Richie Patterson of Wild Country has put together this mini interview with Hazel Findlay on her ground-breaking ascent of Once Upon a Time in the South West (E9).
Following Hazel Findlay's ascent of Dave Birkett's Once upon A Time in The Southwest E9 6c, making her the first British woman to climb E9, I wanted to find out a bit more from Hazel about her ascent. Unfortunately Hazel was just heading out to Newfoundland on a pretty amazing looking trip so we just got the basics and hopefully I'll speak to her again when she returns.
Why this route?
I'd always been interested in doing James' Walk of Life but it wasn't until my friend wanted to check it out that I considered trying it. I went down and I top roped both E9s - Walk Of Life and Once Upon a Time in the Southwest. I enjoyed both of them a lot, but found the crux of Walk Of Life to be quite height dependent. I worked out how to do the move but it was really hard. The crux on Dave's route is also hard but I worked out a way of doing it that felt a lot more doable than the crux on Walk Of Life.
How long did you try it for?
After that day I went back a month or so later with my friend Charlie after my exams had finished but I wasn't sure I wanted to commit to it since I only had 10 days or so before I had to leave the UK and lots of things to do. I was also very unfit from spending the last few months reading books so should have really been training or at least getting some mileage in. But Charlie wanted to do it and it's such a cool wall, that I couldn't really say no.
So we went down again and I had a third session on it. Then the rain came! We sat in the van for two days as the route soaked up all the water. Then the next day was boiling! First we had to wait for it to dry out, but by that time the wall felt like an oven. I had one top rope go and couldn't do hardly any of it, which psyched me out a lot. Amazingly Charlie could still climb it and he set off at 9.30 at night!
The next day was raining again and Charlie had to get back to work, so my Dad came down to belay me. At this point I was getting pretty stressed out because I knew I had to leave the UK in less than a week and the weather had either been rain or 27 degrees, both of which are not conducive to crimping sharp edges (not for me anyway). But thankfully the next day was pretty much perfect conditions and I got it first try.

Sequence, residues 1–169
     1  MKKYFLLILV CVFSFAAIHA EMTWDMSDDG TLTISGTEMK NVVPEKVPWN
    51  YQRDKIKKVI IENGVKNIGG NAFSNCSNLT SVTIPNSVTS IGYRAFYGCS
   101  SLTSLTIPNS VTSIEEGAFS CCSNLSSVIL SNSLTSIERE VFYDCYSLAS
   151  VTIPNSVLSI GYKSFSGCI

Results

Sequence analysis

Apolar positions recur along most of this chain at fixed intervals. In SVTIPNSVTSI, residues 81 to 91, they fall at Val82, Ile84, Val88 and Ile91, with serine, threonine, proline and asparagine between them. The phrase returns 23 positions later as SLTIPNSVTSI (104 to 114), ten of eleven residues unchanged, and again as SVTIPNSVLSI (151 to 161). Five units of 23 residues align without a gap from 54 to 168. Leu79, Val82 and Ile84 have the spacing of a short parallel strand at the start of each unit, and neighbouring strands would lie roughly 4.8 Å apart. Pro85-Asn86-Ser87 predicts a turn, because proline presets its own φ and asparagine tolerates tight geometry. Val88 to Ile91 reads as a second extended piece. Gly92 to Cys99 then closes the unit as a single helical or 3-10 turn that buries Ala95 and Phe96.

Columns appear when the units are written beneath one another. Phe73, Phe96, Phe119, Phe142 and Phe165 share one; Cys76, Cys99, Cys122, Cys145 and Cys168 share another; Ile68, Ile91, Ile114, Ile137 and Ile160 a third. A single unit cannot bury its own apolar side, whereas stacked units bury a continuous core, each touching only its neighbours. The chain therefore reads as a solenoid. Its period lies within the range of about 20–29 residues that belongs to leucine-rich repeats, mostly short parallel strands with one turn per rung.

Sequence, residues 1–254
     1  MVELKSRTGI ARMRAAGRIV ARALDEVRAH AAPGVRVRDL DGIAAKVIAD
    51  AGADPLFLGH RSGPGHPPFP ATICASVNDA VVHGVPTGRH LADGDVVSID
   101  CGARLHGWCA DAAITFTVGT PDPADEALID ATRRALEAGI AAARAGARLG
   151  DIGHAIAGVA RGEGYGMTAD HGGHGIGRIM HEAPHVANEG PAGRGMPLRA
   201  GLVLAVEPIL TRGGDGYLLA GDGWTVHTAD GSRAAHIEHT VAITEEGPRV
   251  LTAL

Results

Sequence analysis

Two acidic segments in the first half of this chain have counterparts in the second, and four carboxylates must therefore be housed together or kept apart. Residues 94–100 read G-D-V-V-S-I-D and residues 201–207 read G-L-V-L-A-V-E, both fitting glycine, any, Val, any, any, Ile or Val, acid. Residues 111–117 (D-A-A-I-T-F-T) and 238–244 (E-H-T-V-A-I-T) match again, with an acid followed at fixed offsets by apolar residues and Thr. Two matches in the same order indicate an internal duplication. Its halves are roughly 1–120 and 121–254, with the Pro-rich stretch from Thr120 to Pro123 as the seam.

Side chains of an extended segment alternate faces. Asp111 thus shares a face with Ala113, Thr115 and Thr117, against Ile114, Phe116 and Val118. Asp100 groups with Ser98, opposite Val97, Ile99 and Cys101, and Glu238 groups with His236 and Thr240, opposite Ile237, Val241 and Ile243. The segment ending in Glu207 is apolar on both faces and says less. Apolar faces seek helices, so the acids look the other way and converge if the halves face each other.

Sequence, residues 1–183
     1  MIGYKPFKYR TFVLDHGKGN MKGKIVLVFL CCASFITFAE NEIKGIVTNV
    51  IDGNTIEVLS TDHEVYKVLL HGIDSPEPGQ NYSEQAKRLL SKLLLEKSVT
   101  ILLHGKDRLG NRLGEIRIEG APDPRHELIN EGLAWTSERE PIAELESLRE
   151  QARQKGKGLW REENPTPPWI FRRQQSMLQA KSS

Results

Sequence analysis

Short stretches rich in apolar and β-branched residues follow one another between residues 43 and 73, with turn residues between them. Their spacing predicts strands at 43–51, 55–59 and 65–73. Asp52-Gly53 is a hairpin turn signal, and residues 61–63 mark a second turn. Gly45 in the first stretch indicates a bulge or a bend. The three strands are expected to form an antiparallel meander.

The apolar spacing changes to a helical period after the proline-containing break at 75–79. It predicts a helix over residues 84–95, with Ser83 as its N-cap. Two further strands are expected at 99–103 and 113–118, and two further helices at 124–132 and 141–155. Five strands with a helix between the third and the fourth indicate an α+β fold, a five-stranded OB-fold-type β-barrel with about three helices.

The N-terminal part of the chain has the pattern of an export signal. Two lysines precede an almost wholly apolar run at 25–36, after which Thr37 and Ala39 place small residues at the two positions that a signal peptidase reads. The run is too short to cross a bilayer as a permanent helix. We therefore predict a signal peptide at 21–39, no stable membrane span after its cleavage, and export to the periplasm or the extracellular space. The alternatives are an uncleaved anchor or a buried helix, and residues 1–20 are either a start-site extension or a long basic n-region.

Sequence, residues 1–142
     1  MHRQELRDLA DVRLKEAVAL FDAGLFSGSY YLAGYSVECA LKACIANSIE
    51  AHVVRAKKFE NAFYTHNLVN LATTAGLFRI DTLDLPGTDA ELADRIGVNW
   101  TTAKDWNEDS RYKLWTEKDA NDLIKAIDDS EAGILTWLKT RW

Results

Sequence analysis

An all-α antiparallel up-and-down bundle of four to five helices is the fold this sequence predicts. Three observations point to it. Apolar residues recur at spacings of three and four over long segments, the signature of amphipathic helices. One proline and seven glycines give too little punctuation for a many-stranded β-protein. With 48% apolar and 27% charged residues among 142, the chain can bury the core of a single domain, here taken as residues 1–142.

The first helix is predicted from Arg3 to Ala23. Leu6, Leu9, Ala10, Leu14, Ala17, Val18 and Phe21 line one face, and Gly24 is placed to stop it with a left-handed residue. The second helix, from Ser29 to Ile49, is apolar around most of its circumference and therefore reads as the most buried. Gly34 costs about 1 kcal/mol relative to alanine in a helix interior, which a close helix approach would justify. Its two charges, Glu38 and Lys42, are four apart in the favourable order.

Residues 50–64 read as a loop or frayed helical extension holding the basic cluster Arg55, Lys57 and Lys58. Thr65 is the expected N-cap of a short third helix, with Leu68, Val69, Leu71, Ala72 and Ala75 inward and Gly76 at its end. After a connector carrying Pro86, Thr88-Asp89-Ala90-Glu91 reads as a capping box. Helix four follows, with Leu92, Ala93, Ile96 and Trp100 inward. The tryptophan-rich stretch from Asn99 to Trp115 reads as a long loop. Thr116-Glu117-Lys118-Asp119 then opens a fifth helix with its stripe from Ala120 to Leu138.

It felt really good. I really enjoyed climbing it. The start was a bit of a battle; I was feeling shaky and cold. But the top runnel that had caused a bit of trouble when working it (since all the holds kept falling off), felt really good. The moves in the runnel are more interesting than the lower part of the route.
I struggled a little at the very top because of the rope drag, which I stupidly made worse by clipping the right rope into a far left piece, but it's not so hard up there so it was all OK. Anyone who thinks they can do a route on that wall should, it's amazing up there, but be quick, because all the holds are dropping off.
How does it feel to be the first woman to climb E9?
Well I don't think I am. Lots of women have climbed much harder trad routes. For example the difficulty of Beth Roddon's Meltdown, is in a completely different league compared to 'Once..'.
Marginal conditions in the mountains this winter have led to uncertainty and difficult decision-making when planning journeys... Read more
Our Friday Night Video is a fantastically shot view of Jason Kehl's Hueco. Kehl looks at the potential for the development of new... Read more
23 year-old Belfast-based climber Lucy Mitchell has ticked her first 8c - Fish Eye - at Oliana, Spain. In May last... Read more
James McHaffie was busy on the Isle of Skye last weekend, onsighting Dave Birkett's bold Skye Wall E8 6b on Coir'... Read more
Joe Heeley has established a bold Peak limestone route - tentatively graded E9 6c/7a - at Dovedale,... Read more